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New Delhi: Sugar mills in Uttar Pradesh will have to sell their stocks by 31 October to pay the money they owe growers, after the Supreme Court refused to interfere with a 5 September Allahabad high court order to the effect.

The move will provide relief to farmers in the drought-affected state.

The Supreme Court was hearing pleas filed by Punjab National Bank and State Bank of India, which claimed that the mills owed them over 8,000 crore and they had the first right on sugar produced by them.

The high court’s order came in response to a public interest litigation filed by Rashtriya Kisan Mazdoor Sangathan (RKMS) highlighting the situation of cane growers.

A representative of mills operating in the state expressed his unhappiness at the situation in the state. Mills, he hinted, were the victims of the populist practices of the state government.

“As on 10 October, the dues of sugar mills to farmers in Uttar Pradesh are 2,856 crore. While the sugar industry is in stress, the government has not addressed the basic issue of linking cane prices to sugar prices," said Deepak Guptara, secretary of the UP Sugar Mills Association (UPSMA).

The situation is because of the high state-advised price of 280 per quintal and low realization from sugar sales due to which mills are running into losses, UPSMA says.

Uttar Pradesh is the largest grower of sugar cane in the country and the second largest producer of sugar after Maharashtra; about four million farmers grow sugar cane in the state.

“This is a historic day for farmers because since independence, the first right on sugar was with the banks. The Supreme Court has recognized that this right lies with the farmers. This will go a long way in solving the problems that cane farmers face," V.M. Singh of RKMS said.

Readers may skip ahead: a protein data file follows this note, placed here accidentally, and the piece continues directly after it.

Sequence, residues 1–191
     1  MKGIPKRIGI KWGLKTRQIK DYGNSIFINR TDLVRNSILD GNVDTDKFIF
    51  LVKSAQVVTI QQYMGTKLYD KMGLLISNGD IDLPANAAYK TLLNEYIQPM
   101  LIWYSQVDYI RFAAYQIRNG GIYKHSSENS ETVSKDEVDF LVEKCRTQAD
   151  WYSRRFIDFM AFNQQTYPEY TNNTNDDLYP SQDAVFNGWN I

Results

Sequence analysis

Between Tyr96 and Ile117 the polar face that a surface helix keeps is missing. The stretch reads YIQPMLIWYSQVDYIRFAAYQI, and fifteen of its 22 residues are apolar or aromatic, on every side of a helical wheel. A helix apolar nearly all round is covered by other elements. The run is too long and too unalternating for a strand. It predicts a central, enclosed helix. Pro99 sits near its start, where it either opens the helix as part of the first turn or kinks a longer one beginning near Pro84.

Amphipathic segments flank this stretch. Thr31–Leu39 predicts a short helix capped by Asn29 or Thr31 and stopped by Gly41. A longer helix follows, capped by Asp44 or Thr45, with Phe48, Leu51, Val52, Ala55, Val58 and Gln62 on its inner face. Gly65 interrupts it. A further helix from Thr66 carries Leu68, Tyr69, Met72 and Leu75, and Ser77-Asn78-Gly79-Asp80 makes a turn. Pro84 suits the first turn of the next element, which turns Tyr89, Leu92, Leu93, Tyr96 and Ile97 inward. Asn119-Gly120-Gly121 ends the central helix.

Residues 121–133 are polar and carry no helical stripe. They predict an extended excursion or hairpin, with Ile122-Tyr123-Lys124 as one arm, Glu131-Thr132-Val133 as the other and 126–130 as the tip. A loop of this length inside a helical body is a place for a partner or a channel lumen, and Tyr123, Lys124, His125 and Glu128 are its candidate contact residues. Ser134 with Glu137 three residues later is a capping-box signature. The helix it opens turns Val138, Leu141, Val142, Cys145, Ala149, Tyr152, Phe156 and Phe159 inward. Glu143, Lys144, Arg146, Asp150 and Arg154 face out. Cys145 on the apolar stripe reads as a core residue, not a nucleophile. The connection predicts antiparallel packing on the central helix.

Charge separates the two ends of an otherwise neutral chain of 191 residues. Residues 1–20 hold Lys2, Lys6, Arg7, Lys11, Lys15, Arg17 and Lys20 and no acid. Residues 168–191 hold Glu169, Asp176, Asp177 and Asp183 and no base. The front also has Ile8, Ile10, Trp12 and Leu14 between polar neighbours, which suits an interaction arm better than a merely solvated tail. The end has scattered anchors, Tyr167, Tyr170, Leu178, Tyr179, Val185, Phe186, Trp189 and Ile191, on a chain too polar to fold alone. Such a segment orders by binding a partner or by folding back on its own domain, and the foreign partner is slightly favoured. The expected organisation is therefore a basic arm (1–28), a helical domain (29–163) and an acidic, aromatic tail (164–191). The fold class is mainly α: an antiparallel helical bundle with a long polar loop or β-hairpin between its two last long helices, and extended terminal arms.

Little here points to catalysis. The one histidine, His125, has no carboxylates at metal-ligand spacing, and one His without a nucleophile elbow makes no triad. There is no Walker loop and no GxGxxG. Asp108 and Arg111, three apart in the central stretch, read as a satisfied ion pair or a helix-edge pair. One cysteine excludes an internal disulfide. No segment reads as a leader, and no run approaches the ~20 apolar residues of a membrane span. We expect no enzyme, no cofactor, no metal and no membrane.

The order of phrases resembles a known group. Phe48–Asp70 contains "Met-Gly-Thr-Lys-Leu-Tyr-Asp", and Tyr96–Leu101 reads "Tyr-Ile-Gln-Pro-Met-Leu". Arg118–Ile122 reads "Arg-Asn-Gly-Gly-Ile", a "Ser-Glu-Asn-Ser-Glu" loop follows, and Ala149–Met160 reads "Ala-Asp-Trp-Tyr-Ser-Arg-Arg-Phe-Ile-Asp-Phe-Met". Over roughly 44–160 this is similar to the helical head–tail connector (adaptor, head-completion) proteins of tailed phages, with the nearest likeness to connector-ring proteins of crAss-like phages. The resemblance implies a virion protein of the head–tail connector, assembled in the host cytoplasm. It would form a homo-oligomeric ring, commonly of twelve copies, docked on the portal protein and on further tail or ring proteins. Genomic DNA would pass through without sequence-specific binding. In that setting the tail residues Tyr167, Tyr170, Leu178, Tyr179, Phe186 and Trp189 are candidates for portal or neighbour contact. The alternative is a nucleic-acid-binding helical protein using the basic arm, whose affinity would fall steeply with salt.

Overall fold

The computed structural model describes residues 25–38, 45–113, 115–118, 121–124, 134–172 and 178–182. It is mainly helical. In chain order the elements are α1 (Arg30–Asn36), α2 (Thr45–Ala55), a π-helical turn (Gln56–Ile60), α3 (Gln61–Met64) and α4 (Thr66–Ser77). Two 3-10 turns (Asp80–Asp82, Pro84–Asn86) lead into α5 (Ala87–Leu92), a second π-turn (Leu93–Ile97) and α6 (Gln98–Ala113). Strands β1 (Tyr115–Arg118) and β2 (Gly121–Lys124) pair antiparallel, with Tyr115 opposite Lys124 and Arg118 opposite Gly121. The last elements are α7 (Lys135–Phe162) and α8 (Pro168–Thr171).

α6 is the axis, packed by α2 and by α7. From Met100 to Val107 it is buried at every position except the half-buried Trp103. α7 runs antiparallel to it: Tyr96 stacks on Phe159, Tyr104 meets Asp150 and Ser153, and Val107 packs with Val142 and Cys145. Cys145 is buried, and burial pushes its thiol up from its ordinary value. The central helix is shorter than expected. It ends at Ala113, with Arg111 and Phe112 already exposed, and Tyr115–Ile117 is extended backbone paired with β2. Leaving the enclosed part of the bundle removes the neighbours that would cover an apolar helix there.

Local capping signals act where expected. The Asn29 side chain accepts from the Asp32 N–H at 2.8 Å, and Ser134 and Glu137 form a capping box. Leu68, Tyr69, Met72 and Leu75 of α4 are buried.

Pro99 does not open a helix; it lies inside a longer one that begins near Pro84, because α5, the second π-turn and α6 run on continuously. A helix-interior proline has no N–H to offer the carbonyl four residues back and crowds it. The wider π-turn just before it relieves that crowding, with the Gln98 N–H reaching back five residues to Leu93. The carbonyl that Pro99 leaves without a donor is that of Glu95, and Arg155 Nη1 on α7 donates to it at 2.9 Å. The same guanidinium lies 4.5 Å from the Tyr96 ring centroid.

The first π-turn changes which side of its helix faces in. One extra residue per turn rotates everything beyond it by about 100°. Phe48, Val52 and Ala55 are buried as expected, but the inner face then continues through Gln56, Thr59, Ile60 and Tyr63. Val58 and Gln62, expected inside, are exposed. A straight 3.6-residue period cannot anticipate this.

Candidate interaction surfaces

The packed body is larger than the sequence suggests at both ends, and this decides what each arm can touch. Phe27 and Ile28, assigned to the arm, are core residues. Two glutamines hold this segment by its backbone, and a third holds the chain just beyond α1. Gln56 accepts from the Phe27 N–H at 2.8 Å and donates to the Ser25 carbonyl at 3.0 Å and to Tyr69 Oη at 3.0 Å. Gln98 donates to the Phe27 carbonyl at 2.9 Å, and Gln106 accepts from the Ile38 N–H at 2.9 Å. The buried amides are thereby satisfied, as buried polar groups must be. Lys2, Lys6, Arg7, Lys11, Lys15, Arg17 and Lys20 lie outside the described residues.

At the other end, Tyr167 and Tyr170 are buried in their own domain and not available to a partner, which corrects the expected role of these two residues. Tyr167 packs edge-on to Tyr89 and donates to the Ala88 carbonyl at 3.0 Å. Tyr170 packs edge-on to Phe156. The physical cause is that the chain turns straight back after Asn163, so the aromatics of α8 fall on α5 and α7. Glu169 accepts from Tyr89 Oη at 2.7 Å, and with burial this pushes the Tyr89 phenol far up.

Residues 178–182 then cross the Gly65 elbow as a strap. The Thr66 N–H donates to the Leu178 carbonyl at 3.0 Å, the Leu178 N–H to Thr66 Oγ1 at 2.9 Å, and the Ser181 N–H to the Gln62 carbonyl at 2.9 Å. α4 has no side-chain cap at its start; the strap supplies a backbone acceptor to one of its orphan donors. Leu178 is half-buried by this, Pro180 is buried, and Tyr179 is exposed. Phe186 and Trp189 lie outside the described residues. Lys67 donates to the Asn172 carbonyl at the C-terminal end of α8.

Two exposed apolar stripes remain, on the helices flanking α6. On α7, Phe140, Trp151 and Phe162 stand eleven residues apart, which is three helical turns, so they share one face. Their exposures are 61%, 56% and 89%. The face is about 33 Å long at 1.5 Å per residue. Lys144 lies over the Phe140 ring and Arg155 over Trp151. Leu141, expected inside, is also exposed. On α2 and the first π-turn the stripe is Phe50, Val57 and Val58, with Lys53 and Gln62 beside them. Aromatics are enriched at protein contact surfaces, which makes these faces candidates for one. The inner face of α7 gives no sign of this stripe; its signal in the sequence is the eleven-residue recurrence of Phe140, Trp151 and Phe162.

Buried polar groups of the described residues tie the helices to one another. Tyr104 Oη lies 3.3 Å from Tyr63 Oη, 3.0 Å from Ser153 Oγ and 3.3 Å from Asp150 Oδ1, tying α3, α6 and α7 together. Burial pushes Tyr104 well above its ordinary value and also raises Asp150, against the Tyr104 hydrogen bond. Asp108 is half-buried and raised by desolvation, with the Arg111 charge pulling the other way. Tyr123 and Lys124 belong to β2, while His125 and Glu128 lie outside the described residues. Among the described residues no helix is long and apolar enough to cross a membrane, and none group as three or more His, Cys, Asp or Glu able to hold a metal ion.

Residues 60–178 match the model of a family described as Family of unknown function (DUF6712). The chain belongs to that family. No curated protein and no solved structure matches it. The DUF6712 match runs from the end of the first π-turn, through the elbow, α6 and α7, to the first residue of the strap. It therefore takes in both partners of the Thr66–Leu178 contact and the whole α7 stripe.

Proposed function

“It will also streamline the lending pattern in the sugar industry since banks will now be hesitant to give loans to sugar mill owners and instead be more willing to give loans to farmers."

Guptara declined to comment on the court decisions and said sugar mills are holding on to their decision of not beginning crushing operations in November.

The two banks could not immediately be reached for comment.

On 5 August, 66 private sugar mills that crush 75% of the sugar cane produced in the state sent closure notices to the state government.

In the past few months, several heavily indebted farmers from prosperous sugar cane growing areas of western Uttar Pradesh—in Baghpat, Bijnor and Shahjahanpur districts—committed suicide.

On 10 September, food minister Ram Vilas Paswan expressed his disappointment at the fact that although the central government had extended soft loans, raised export subsidies and hiked import duties, mill owners had failed to pay the money they owed farmers.

Remya Nair in New Delhi and Anup Roy in Mumbai contributed to this story.

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